Five ways to build a successful cyber security team

Why a people-first mindset helps solve big technical challenges —and deliver business outcomes

As a Corporate Vice President and Deputy CISO leading much of cyber security for NCR Voyix, I’m entrusted with protecting the #1 digital commerce platform used by retailers, restaurants, and financial institutions, the work of 15,000 employees — and our trusted, 140-year-old brand. I wanted to share the biggest lessons I’ve learned (sometimes the hard way) over my own 30-year career: What you do matters, but how you do it matters even more.

Cyber security professionals need the requisite training and certifications; but, a servant-leader mindset helps you deliver more value and grow your influence beyond the cyber security team. For example, a recent Gartner survey found that more than two-thirds (65%) of top-performing CISOs primarily build relationships with senior-decision makers outside of the context of projects. High-performing CISOs also regularly meet with three times as many non-IT stakeholders (e.g., sales/marketing, business unit leaders) compared to IT stakeholders.

For me, successfully aligning cyber security with business outcomes starts with a human-centric approach. Here are five practical ways security leaders can advance a service mindset:

1. Leave your ego behind. Our executive director of product management for Digital Banking recently shared how banks and credit unions increasingly prioritize “ways to incorporate more empathy and personalization” into digital experiences, to help drive consumer loyalty. Just as building digital experiences requires focusing on each step of the human experience, securing those experiences requires empathy for the people your business serves.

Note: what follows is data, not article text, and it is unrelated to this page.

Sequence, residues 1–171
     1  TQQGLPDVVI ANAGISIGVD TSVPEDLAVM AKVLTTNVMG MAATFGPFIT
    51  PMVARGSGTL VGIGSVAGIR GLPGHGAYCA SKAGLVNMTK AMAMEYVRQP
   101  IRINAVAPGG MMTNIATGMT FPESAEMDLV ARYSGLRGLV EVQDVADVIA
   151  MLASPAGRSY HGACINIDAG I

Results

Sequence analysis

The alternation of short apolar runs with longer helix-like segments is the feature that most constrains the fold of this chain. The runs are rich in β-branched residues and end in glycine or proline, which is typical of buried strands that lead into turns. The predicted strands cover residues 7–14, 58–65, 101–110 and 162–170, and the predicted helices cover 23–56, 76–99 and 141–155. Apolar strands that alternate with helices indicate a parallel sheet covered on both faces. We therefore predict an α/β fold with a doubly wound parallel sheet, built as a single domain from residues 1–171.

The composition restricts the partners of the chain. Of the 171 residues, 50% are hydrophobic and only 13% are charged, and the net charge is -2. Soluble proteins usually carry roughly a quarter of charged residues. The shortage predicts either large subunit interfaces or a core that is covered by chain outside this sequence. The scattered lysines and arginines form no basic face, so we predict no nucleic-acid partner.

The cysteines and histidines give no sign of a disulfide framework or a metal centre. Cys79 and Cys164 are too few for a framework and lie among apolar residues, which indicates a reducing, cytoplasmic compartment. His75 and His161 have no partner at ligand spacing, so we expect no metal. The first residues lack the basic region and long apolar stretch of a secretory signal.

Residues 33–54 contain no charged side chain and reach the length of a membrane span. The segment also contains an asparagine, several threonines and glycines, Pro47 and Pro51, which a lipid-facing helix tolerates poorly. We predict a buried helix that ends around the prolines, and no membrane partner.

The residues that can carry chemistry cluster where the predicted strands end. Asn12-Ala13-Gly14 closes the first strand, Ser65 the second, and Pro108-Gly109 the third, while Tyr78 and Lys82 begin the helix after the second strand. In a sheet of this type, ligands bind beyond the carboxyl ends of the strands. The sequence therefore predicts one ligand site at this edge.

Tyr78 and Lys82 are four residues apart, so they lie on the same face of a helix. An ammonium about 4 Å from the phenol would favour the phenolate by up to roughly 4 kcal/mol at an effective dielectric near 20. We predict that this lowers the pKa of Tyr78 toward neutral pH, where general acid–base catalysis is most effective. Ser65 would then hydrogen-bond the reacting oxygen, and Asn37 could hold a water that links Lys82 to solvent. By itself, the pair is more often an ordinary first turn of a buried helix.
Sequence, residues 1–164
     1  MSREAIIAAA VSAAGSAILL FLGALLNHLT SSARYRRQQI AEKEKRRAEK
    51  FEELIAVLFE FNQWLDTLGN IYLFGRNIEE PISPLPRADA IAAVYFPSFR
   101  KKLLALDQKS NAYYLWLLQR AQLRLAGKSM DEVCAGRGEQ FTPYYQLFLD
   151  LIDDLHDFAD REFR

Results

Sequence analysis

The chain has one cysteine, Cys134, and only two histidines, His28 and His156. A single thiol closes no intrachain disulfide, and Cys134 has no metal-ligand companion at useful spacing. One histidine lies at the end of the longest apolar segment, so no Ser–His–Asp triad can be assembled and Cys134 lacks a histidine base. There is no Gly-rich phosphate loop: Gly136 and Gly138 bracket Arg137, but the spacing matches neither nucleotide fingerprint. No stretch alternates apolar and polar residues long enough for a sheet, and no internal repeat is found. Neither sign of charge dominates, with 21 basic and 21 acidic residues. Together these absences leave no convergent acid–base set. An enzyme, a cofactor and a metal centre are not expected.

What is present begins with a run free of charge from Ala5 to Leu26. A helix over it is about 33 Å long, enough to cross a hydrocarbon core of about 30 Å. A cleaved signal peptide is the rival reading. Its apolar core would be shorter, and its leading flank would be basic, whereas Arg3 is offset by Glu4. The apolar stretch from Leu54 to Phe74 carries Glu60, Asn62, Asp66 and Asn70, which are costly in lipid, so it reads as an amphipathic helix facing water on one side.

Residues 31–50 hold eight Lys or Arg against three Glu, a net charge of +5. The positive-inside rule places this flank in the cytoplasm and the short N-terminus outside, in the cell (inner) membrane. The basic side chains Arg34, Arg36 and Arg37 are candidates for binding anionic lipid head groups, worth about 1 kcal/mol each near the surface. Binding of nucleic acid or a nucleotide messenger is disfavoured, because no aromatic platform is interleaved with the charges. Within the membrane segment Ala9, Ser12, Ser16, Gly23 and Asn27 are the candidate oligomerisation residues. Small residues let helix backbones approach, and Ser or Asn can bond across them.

I’ve been in cyber security for 25 years and held roles in systems engineering, architecture, and consulting for even longer. But, long before that, I worked my way at a hotel from bellhop to manager, where I learned how to listen, solve problems calmly, and that attention to the details mattered. Well-rounded, service-oriented experiences have helped me be a more effective security leader.

If you haven’t already, expand your own knowledge beyond the security domain. Get to know your business: Learn from people working on the front lines of customer service or in the back office. Do a “ride along” or a job rotation so you can understand and empathize with their challenges and job pressures. A broader perspective will ultimately help you more effectively develop and communicate why cyber security is so important to your many stakeholders.

Attackers think outside the box. You should, too. Can someone who most recently managed a tire shop become a great security analyst? In my experience, yes! With the right training and mentoring, their ability to calmly resolve high-stress customer situations makes them unflappable at fighting sophisticated attacks, too.

Welcoming diverse educational backgrounds can also improve talent retention and cyber security team performance. Look beyond traditional hiring pathways and consider people who stepped off the four-year college track, took an alternative career path, want a career change, or who are returning to a career after a break. You will find people who have strong motivation to learn, proven problem-solving skills, and the grit to succeed.

2. Put people before tasks—every time. There’s always a lot to do. But, if you laser-focus on tasks, your relationships become transactional and impersonal. Being real and genuine is critical to building trust in any relationship. Actively listen to your team, peers, and stakeholders. Take the time to understand the other person’s perspective. Be curious about them.

Creating and mentoring an inclusive team has its own reward, as it often seems that I learn as much as they do, which helps me be a more effective leader.

As Steven Spear, co-author of ‘Wiring the Winning Organization’ shares, without the right organizational mindset, employees won’t have the opportunities to solve problems. High-velocity organizations have management systems that free people’s minds — “individually and through collective, creative collaboration — to tackle super hard problems.”